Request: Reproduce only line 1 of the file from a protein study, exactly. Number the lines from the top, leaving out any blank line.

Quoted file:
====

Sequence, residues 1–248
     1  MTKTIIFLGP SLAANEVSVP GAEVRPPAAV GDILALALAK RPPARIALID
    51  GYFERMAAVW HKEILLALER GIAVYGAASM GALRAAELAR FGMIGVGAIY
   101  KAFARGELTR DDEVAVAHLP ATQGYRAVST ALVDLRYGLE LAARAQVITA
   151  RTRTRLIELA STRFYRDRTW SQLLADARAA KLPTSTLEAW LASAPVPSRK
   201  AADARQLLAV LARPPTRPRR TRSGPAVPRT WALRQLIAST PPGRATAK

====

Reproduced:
Sequence, residues 1–248